Beam or beam structure temporarily attached to and spanning the  extremes of an item being lifted.

SPUD

SPUD

A steel or wooden post that is placed vertically through a well in the hull of a vessel and which, when lowered to the bottom of the waterway , anchors the vessel.

STARBOARD

STARBOARD

The right side of a vessel looking forward.

Ships Husbandry - Module 1 - Knowledge Test

As a diver you are swimming towards the rear of the vessel.  The direction you are traveling is considered ....

  • forward
  • aft

When a ship bottom runs into shallow water and strikes the bottom, it is said to run ...

Which of the following would be located at the fore end of the vessel?

  • bow
  • transom

Make the best match

  • Bulbous
    bow
  • Running Gear
    Propeller
  • Anchor
    Hawse Pipe

A diver identifies rust scale on a hull. It may look like this.

What is a Graving Dock?

Graving Docks are types of 

A helpful aid for a ship survey

Before starting an underwater survey of a ship, it would be advantageous to obtain a 

Ships Husbandry is important because...

  • of ability to make repairs and inspections wherever the ship's location
  • it is often more cost effective than dry docking
  • underwater welding is usually easier to perform in a wet environment
  • of all of the above

Name the parts on this vessel

  • Spud
  • dolphin
  • Cleat
  • Barge
  • Spudwell

Name the parts on this ocean going vessel

  • Foreword
  • Afterdeck
  • Bridge
  • Running gear
  • Ground tackle
  • Foredeck
  • Bulbous Bow

Where would you most likely find a Kort Nozzle located

  • With the ship's firefighting equipment
  • Around the propeller
  • In the engine compartment

Plimsol Mark

A Plimsol Mark aids in  

List items in proper order from stem to stern

  • Bulbous bow
  • forward hull section
  • midships
  • keel coolers
  • stern tube
  • propeller

Formation of bubbles on a propeller

  • can cause pitting and failure
  • is caused by cavitation
  • can be caused by decaying anerobic bacteria

Best match

  • Slackwater
    No tidal action
  • Flood
    HIgh
  • Ebb
    Low
  • Barnacles
    Biofouling

Sealing out water

In order to make a shaft seal change on a Naval ship, water must be blocked from entering shaft alley through where the seal is being removed.  As a diver you might use a to seal the water out so that the repairs can commence.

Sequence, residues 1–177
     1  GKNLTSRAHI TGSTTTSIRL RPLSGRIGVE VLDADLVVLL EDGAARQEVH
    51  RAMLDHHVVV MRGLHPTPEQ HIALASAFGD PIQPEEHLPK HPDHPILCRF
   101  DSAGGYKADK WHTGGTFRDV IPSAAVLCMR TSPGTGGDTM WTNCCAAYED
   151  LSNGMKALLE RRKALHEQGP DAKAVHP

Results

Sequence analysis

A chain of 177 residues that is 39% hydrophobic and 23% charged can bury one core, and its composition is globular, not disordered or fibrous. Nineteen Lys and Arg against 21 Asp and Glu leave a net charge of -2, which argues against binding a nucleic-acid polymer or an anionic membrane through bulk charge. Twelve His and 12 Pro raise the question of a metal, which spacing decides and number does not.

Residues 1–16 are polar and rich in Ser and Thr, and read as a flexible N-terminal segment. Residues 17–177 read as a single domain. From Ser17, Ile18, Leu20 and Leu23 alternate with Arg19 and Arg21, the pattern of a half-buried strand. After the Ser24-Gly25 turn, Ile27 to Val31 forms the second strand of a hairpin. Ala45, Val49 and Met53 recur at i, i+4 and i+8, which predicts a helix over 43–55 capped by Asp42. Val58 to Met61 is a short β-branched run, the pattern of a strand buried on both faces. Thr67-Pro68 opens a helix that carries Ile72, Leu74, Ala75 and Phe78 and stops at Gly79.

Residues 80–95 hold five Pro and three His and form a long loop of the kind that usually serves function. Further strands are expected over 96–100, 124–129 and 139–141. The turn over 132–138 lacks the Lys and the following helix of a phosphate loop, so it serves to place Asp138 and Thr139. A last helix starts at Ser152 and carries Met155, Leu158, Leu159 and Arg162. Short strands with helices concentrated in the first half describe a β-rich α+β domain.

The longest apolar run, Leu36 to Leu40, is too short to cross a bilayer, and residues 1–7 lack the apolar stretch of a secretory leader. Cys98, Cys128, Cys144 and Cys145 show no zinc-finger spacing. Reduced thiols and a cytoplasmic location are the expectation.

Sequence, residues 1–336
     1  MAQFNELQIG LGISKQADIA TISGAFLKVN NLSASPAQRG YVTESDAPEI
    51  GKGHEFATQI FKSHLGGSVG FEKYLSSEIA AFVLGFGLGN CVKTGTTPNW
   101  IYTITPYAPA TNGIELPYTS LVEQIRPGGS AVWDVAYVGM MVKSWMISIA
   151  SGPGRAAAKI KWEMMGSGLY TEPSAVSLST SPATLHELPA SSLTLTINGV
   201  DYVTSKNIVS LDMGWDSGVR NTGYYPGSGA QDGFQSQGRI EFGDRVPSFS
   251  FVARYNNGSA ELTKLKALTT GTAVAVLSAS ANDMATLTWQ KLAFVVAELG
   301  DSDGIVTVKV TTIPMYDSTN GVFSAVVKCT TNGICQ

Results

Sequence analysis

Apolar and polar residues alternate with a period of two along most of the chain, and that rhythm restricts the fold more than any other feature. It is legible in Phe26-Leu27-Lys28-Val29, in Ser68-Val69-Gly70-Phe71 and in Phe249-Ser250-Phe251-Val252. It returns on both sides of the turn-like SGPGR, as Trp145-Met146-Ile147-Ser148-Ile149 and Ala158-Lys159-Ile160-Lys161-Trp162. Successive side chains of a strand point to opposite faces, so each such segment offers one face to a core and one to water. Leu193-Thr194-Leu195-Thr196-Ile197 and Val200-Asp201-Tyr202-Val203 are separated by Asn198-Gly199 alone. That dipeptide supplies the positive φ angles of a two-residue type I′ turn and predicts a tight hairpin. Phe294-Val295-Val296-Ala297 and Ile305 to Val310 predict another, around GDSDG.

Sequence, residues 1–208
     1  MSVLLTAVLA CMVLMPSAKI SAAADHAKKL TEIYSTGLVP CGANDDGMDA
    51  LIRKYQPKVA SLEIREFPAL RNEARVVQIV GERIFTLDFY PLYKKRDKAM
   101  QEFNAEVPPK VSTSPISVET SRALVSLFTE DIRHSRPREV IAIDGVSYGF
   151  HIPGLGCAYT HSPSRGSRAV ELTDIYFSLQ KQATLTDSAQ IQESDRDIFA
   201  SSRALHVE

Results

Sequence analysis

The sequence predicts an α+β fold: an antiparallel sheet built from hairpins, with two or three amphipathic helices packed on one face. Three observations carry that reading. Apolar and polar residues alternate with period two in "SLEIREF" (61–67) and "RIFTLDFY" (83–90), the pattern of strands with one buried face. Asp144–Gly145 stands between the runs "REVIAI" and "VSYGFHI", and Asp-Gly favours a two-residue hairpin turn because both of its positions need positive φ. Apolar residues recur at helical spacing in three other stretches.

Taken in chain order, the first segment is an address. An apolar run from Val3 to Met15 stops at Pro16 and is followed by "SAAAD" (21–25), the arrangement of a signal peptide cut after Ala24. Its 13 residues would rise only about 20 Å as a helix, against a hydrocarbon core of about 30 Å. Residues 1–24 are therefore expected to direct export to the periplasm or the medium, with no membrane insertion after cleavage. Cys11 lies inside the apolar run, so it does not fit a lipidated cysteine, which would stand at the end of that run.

Which of these are used for mooring?

  • Anchors
  • Bollards
  • Davits

Interior of ships

The interior of ships are typically divided into  

Which of these is a Z-drive

Measuring the beam

  • To measure the beam you must measure across the ship from port to starboard.

Supporting blocks

  • Supporting blocks used under bilge for support during construction or dry docking are known as bilge keels.

Antifouling paint

  • Ships are typically coated with antifouling paint to inhibit organisms from growing on the hull

The lowest place inside the hull of a ship is the

  • engine room
  • bilge
  • bilge keel

A common way to cool engines on ships is with

  • coolant radiators
  • eductor cooling pumps
  • keel coolers

A life boat may be launched using...

  • davits
  • bollards
  • hawsepipes

Best Match

  • List
    Leaning
  • Capsize
    Full of water
  • Cathodic Protection
    Anode
  • Scupper
    Water drain

Ships float due to

  • Boyles Law
  • displacement
  • cavitation

A good way to protect a hose is with

  • chafing gear
  • cheeks
  • duct tape

Name the parts on this ship

  • Hawsepipe
  • Cargo boom
  • Bridge
  • Midship
  • Stern

Working smart

In the shop you are asked to pick up a large object that is not on a pallet.  Before setting it down again you should use to make sure it easy to get under with the fork lift

Select all images with fenders

Ships Husbandry

  • Underwater ships husbandry can reduce or eliminate dry dock time for a vessel

Bow thrusters ...

  • help a ship to travel faster
  • aid with maneuvering while docking
  • can be found at the aft or fore end of a vessel

Thrust blocks are typically found

  • are used for dry docking
  • in the rigging locker
  • are found in the engine compartment

Which of the following is a Z-drive

This is a photo of a .......

Which photo is of a sacrificial anode